Devaluation around the corner? Not so fast

cadivi1Over at the Foreign Policy blog (login required now), I cast doubt on the conventional wisdom that the government is going to have to devalue the Bolívar soon, before any election takes place:

Most Venezuelan economists simply assume the government has no choice but to devalue, and many are predicting this in the short term. But without any real grasp on the shape of public finances as well as lenders’ willingness to provide financing, it is not clear that the day of reckoning is around the corner. True, official dollars are scarce, which would suggest devaluation is in the works. However, this could also suggest that the government is biding its time, waiting to open its coffers when the election is announced.

In a country where few things are certain, one thing is clear: chavismo will do anything it takes to win an election. If that means postponing painful decisions until after the ballots have been counted, so be it. This will be bad for the economy but good for Maduro’s chances of holding on to power.

9 thoughts on “Devaluation around the corner? Not so fast

  1. In Venezuela people tend to forget than Chavismo does not make decision based on logic and reasoning (and in this case need). Chavismo makes them based in populism and winning elections. It does not matter one bit if those decision drive the country into bankruptcy in the long run.

  2. I propose no opposition candidate is launched against any upcoming presidential elections. One day they will have to come to terms with economics. Chavismo must end as it started, with a massive social and political crisis.

  3. I’m really not sure if there is a strategy with respect to this or just indecision and incompetence. At this point I lean towards the latter. My guess is that while they decide what to do they will effectively print money to pay the bills. As inflation gets worse they will just pretend it isn’t there (as they have) until it becomes impossible. Then they will blame the evil companies and distributors take some sort or action – even if symbolic. Maybe at some point they just won’t pay some bills. They’ll prioritize. They can screw the domestic banks I guess. And so on and so forth. I think they still have room to “correr la arruga” some more.

  4. What hurts the poor more, the continued inflation & shortages or a devaluation? Would it be a wash? …or would a devaluation lower the standard of living for the poor?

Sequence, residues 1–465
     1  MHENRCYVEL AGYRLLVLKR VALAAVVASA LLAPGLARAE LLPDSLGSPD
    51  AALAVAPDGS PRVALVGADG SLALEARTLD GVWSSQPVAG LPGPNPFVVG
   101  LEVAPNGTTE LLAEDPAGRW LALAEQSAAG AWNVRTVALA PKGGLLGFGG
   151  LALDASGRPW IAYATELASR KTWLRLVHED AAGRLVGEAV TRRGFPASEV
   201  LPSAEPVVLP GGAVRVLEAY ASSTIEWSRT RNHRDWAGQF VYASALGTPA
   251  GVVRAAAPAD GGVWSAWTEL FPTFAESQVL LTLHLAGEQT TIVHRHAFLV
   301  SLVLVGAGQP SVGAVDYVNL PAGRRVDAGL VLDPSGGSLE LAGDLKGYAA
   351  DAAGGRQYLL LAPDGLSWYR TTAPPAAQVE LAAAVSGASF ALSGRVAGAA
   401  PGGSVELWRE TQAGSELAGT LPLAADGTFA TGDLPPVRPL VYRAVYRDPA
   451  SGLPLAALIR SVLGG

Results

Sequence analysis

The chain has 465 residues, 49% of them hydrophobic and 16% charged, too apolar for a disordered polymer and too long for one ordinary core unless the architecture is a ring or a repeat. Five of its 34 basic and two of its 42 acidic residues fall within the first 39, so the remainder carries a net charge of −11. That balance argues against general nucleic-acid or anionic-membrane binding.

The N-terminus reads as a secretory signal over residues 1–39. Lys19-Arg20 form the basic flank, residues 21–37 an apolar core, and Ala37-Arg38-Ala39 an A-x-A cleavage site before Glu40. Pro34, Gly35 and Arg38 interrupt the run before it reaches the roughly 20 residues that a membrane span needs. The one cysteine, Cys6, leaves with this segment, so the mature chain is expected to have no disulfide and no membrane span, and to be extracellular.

5. Nothing is going to happen this is a country in which the political opposition is acting in favor of the illegal regime; 50% of the population is so ignorant that they don’t care about the country or the future of their children, much less if they are a colony of the Cuban Empire; the other 50% is a mixture of indifferent and people too scared to do anything. This country has lost its honor, values, principles, guts, there is nothing good left but a very small percentage of its citizens!

  6. New to the commenting market, so bear with me. I think most economist do not see a devaluation around the corner, they see one as needed to be able to finance the fiscal deficit and keep inflation somewhat at bay (lets say below 30%). Needless to say none is coming until elections are held. Needless to say the longer it takes to happen will require another bout of money printing at “la exponencial” (from a 60% growth last year); so on the one hand you have the beauty of future probable 50%+ inflation or devalue after elections and have an inmediate halving of the real income per capita for the majority of the population (those less fortunate not trading USD or picking apart Cadivi, Corpoelec, PDVSA etc.). Pick your poison one or the other is coming.

  7. I don’t think they will dare to devaluate not even in the current circumstance, if this measure were so necessary, they will delay this decision as long as it takes, just as they will delay the decision to call for a presidential election. Doing it now is just a political suicide.

    Nobody is ready for a presidential election. Who in the right mind will want to become president of a chaotic area of the world, that dare to called themselves country.

  8. I went to a talk today with Moises Naim and it is his believe that they will not devalue. That they will not fulfill some obligations like petrocaribe or infrastructure construction and that dollars will be scarce. Expect a lot of shortages.

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